GLOBAL STUDIES CONFIRM MULTIPE MOTHER-CHILD BENEFITS FROM EPI-NO CHILDBIRTH SYSTEM TRAINING
The EPI-NO is a device that was developed in 1999 by a team of German medical doctors and engineers. Its purpose is to assist women, through EPI-NO childbirth training, to improve their odds for avoiding having to undergo an episiotomy during delivery. The episiotomy is a controversial procedure whereby a doctor makes a surgical incision during delivery that cuts through the perineum. The incision is intended to increase vaginal size and thereby facilitate childbirth.
The frequency of episiotomy varies from hospital to hospital and country to country. Nevertheless, a 2004 study found that episiotomy rates have risen precipitously. The study found that episiotomy to be the most often performed surgical operation on women in the world.
Why An Episiotomy?
A doctor may decide to perform an episiotomy for a variety of reasons. These include a perception that the fetus is distressed after entering the birth canal, the baby’s head is perceived to be too large, the baby is breech, its shoulders get caught, or if the process of delivery proceeds so quickly that the doctor believes the vagina will be overstressed.
Unfortunately, as millions of women will attest, there is a significant number of serious side effects from episiotomies. Some post-delivery problems that are more severe and more commonly observed in women who have undergone episiotomy include increased bruising, infection, swelling, incontinence, and bleeding.
Episiotomies Come Under Scrutiny
Questions have arisen for some time about whether or not episiotomies justify the considerable problems associated with them. It has even become questionable if the procedure is even useful.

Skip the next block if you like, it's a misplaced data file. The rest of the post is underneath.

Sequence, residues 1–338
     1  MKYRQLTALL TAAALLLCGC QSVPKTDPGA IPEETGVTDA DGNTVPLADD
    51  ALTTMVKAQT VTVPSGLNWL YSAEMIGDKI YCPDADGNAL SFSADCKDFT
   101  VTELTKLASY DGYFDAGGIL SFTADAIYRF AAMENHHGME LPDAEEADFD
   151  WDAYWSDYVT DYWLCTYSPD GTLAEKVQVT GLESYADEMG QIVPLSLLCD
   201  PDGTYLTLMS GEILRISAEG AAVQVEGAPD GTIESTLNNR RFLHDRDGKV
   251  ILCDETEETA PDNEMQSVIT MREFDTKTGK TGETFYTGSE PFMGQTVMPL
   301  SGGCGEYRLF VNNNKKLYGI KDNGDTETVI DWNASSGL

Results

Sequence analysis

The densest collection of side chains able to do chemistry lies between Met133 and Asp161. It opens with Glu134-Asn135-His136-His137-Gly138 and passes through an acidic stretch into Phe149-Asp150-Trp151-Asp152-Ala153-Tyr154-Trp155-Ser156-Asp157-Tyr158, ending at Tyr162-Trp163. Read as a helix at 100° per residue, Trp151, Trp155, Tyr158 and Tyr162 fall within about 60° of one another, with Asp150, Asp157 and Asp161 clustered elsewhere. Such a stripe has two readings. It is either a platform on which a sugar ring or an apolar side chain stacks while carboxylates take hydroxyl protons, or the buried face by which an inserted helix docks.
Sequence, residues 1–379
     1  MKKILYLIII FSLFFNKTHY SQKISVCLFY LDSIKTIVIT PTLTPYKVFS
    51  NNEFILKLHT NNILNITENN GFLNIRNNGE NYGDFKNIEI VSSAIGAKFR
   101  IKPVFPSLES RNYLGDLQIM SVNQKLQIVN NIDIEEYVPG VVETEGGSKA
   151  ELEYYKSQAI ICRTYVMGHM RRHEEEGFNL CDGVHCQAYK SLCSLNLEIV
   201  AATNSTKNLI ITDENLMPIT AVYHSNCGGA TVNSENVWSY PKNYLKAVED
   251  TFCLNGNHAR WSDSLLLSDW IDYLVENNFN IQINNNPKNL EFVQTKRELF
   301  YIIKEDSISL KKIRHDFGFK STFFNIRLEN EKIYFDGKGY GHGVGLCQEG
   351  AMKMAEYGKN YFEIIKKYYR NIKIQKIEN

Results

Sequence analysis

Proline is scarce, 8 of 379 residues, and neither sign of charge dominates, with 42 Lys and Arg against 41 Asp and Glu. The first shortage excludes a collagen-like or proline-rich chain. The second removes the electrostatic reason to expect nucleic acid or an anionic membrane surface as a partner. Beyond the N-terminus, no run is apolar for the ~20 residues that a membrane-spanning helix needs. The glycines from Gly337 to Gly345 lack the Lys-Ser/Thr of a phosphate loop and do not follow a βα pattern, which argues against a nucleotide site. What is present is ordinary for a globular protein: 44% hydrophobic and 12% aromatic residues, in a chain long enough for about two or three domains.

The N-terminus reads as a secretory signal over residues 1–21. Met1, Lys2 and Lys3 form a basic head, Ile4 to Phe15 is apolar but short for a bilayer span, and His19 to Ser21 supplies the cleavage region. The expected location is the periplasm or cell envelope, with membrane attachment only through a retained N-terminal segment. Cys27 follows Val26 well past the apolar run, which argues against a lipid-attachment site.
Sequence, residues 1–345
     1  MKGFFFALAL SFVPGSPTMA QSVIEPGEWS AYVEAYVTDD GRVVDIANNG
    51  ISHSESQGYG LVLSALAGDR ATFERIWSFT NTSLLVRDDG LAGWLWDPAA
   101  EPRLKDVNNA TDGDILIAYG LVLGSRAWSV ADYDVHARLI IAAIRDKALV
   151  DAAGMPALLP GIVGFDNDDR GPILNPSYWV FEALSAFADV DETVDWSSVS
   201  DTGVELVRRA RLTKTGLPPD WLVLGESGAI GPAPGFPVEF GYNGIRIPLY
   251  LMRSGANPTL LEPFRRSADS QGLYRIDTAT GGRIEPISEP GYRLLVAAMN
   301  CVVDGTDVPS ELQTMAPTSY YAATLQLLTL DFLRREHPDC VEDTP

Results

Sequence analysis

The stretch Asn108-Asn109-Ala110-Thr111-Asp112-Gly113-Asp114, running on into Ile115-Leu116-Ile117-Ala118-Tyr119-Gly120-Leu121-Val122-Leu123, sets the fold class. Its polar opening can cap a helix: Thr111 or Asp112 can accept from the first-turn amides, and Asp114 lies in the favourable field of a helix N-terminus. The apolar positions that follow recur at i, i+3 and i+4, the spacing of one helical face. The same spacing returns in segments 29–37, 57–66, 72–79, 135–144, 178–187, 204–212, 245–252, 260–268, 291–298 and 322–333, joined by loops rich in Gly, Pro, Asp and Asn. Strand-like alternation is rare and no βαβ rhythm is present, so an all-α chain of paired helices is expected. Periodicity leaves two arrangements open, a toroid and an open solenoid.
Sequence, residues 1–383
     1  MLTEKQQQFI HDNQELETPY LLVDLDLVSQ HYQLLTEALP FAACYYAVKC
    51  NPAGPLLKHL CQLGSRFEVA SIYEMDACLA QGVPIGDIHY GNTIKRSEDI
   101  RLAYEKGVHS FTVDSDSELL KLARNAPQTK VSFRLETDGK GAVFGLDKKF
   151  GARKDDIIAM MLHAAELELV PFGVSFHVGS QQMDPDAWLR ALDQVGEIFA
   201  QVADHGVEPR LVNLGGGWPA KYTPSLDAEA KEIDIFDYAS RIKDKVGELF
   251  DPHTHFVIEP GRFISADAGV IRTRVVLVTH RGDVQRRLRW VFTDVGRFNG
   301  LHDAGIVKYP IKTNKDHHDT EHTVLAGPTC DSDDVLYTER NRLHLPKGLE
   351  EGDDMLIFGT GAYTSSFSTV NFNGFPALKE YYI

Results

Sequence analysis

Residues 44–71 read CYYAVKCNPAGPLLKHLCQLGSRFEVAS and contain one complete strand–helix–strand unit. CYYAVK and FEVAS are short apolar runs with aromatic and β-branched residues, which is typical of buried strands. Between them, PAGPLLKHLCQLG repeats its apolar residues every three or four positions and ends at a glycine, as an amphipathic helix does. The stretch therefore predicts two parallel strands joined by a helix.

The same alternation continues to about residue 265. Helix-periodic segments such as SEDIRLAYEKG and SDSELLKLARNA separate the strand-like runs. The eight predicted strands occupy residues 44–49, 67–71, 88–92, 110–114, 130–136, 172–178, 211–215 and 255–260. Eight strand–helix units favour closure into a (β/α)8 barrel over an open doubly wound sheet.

The National Institute of Health reports that a broad analysis of episiotomies showed that there is no benefit to this surgical practice. Although some practitioners claim an episiotomy will improve a woman’s sexual functioning, the analysis found there was no evidence of this. Indeed, the review, which was published in the Journal of the American Medical Association, pointed out that women who had undergone episiotomies experienced an increase in pain during sexual relations after pregnancy and that these women experienced a longer recovery period after childbirth before resuming normal sexual relations.
Moreover, a Japanese study conducted at the Nippon Medical School, concluded, “episiotomy . . . should be avoided in patients who are [delivering] a first child whenever possible.”
The EPI-NO Childbirth Training Alternative
Scientists in Germany conducted a landmark study of the EPI-NO childbirth training system. They wanted to know if the device was effective in decreasing the likelihood of episiotomy. They also looked to find if there were any noticeable differences in the health of infants born to mothers who had or had not used EPI-NO childbirth training.
The study examined fifty women pregnant for the first time. Half the women used the EPI-NO while the other half did not. The two groups were then compared for factors including frequency of episiotomy, how long the women were in labor, use of pain medication, and babies’ health at birth (using the APGAR rating system).
The study found a “significant reduction” in episiotomy rates in women who had used EPI-NO childbirth training compared to women who had not. Less than half the EPI-NO women underwent episiotomies. But in the group of women not using EPI-NO, more than 4 out of 5 (82%) did receive episiotomies.
Furthermore, women not using EPI-NO childbirth training experienced twice as many perineal tears. The duration of second-stage labor for women in the EPI-NO group was only half that of the other group; and the EPI-NO group required less analgesia during delivery. Perhaps most important, babies born to EPI-NO women were healthier according to one-minute-APGAR-scores.
Australian Study Confirms EPI-NO Childbirth Training Benefits
After noting the impressive results of the German study, doctors in Australia conducted a similar study using 48 women pregnant for the first time. Their results, too, showed the impressive advantages for women who used the EPI-NO device.
The Australian study also demonstrated “significantly improved outcome” for women using EPI-NO childbirth training versus the control group. Researchers found EPI-NO women come through delivery with a “highly significant increased chance of an intact perineum.” The study concluded that all first-time mothers should be given the option of using the EPI-NO childbirth training system.